Eco-conscious electric motorsport series, Extreme E, has announced today that National Geographic will televise its magazine programmes – ‘How to Build a Race Car’, ‘The Electric Dream´and ‘Climate Changers’ – as well as all of its debut season X Prixs on a delayed basis in its Latin American region. The programmes will air in both Portuguese and Spanish.
By racing fully electric 550bhp SUVs in some of the world’s most remote locations, Extreme E is a race series like no other. In this, its inaugural season, this highly entertaining ‘sport for purpose’ championship has already got off to a storming start with two stunning events – the first in AlUla, Saudi Arabia, in April followed more recently by Dakar, Senegal. Millions of viewers around the world were glued to their screens as international stars of motorsport including Sara Price, Kyle LeDuc, Jamie Chadwick, Mattias Ekström, Molly Taylor and Johan Kristoffersson, battled it out in their monster ODYSSEY 21 race cars on gravel, rocks and jaw-dropping sand dunes – not only with the mission to take home the coveted Extreme E trophies, but also with the aim to raise awareness of the devastating effects of climate change on these fragile regions.
Alongside the racing, the team at Extreme E also implements Legacy Programmes within the regions it visits in order to bring about positive change. These include working with the Senegalese community to plant one million mangrove trees and co-ordinating building improvements in local schools, through to beach clean ups (plastic waste removal) and turtle conservation in Saudi Arabia.
Ali Russell, Chief Marketing Officer at Extreme E said: “Extreme E is delighted to have secured National Geographic as a broadcaster. The channel is famed for its brilliant and fascinating documentaries on science, adventure, nature and environmental topics, all of which are subjects close to the heart of our championship.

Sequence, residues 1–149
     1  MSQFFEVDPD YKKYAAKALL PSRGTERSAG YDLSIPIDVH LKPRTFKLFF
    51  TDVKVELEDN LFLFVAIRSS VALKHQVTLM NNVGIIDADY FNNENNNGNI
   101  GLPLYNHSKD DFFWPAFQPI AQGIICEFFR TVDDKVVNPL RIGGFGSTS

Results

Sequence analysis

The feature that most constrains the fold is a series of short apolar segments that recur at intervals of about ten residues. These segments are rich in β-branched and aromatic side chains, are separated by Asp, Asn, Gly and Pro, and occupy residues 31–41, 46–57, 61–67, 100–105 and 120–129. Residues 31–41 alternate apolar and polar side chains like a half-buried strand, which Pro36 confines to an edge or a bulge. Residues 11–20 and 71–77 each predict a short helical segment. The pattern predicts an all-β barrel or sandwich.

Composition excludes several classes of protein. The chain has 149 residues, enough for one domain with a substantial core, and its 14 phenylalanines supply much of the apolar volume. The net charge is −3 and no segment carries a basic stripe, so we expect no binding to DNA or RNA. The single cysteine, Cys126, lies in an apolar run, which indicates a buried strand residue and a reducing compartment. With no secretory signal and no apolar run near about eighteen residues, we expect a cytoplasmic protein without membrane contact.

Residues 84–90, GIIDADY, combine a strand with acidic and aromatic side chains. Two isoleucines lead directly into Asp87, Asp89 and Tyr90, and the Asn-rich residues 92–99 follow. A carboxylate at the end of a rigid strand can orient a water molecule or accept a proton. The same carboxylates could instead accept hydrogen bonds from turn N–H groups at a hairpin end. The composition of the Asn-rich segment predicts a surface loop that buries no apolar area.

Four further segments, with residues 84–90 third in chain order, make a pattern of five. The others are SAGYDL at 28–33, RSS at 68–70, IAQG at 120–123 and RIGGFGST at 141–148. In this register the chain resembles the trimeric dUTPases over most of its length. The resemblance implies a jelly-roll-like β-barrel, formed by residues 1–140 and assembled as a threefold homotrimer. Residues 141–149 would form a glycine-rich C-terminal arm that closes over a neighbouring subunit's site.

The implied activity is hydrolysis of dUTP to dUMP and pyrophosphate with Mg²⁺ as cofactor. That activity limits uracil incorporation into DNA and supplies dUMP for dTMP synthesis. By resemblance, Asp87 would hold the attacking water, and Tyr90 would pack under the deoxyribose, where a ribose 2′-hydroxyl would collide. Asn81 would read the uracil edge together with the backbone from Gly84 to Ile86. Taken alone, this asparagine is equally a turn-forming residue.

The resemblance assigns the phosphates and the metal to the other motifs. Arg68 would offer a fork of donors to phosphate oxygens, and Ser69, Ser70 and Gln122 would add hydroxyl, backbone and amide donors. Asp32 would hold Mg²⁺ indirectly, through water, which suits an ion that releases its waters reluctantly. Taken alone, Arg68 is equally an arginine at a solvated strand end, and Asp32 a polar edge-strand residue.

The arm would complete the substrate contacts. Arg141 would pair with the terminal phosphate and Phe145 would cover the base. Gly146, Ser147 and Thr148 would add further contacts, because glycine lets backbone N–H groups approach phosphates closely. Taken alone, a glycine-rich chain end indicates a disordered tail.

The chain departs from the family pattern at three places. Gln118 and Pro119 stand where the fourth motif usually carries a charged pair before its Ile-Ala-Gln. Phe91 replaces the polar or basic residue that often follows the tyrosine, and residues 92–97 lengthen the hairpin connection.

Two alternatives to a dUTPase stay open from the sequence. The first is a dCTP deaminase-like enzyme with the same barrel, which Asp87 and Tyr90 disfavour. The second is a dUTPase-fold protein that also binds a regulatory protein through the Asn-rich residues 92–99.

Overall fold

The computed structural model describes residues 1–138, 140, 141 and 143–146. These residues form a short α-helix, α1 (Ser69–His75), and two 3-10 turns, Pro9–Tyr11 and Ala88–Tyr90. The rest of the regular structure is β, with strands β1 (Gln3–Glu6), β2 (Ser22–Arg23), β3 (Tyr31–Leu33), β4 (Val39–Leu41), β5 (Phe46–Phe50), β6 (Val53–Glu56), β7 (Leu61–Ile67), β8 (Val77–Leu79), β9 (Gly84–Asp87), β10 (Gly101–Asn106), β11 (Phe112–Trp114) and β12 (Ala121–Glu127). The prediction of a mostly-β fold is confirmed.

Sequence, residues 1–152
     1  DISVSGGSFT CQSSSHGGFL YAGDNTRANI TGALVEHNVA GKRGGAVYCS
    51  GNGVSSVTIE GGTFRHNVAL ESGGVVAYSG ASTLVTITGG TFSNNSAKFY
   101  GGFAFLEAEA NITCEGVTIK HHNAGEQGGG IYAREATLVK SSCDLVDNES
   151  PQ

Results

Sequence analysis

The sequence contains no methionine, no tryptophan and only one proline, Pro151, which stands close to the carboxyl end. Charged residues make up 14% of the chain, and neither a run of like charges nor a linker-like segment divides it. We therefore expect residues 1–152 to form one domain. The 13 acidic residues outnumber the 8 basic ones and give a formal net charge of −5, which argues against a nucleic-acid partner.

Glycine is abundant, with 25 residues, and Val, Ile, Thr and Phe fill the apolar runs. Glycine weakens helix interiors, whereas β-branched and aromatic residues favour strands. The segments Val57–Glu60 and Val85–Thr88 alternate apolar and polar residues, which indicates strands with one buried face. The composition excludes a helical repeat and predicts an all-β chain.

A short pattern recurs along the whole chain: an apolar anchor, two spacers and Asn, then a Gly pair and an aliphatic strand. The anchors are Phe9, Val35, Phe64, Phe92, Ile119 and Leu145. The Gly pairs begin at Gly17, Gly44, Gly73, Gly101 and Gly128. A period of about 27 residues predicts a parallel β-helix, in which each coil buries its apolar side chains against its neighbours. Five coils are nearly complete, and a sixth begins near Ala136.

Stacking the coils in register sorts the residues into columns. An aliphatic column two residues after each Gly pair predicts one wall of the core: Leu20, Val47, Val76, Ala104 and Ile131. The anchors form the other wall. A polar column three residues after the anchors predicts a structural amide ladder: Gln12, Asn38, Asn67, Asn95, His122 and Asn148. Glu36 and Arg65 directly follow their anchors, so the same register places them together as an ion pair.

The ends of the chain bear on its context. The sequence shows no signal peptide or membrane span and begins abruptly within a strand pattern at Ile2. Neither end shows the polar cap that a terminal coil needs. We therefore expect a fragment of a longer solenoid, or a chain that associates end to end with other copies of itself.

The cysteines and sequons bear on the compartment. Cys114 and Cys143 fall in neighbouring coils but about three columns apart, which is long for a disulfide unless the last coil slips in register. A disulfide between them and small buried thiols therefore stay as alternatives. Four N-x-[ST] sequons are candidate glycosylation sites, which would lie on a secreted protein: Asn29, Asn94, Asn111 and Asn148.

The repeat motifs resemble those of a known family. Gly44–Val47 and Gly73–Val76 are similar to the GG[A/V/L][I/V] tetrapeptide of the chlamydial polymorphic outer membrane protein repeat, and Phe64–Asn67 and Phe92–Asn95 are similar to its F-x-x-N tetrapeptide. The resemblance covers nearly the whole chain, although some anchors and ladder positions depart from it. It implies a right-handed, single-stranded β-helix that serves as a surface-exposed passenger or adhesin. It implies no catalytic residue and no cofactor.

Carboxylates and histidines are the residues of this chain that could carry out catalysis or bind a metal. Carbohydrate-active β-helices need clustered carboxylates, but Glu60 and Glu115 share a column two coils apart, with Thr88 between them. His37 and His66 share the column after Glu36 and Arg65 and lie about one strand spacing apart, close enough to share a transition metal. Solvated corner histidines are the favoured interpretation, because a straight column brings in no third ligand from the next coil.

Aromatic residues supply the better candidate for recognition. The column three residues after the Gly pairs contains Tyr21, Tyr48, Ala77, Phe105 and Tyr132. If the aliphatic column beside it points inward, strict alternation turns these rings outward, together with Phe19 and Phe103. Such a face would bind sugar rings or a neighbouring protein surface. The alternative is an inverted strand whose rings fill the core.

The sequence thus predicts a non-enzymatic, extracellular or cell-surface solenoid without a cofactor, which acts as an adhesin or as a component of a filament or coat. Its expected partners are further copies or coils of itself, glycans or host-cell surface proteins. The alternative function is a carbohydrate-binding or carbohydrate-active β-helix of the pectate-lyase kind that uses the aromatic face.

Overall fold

“As well as our great racing, Extreme E is in essence, a ground-breaking adventure for all of us. I believe that the stories behind the series, the people involved, our legacy projects and even the history of our floating centrepiece, the St. Helena, will delight and inspire National Geographic’s audiences. Coupled with our on-going scientific research into the effects of climate change and what can be done to lessen the terrible damage that its causing, makes for a broadcast that is as captivating as it is eye-opening and we want to share this with as many people as possible.”
The already incredible first season of Extreme E is not only a must see for lovers of motorsport, but it also marks a new era of racing that brings environmental concerns to the forefront.
Following the first two events in Saudi Arabia (3-4 April) and Senegal (29-30 May), the series now moves on to Greenland (28-29 August) with the final two race locations to be confirmed. By holding races in areas that are suffering as the hands of the environmental crisis, such as deserts and the Arctic, the aim is to raise viewers’ awareness and interest in environmental issues.
The series also has a unique viewing format, as races are held without spectators and broadcasted as two-hour programs, in a bid to reduce the championship’s carbon footprint. In addition, the championship transports equipment for the race by sea on its floating centrepiece, St. Helena, and this behind the scenes content focussing on environmental issues will also be available on National Geographic.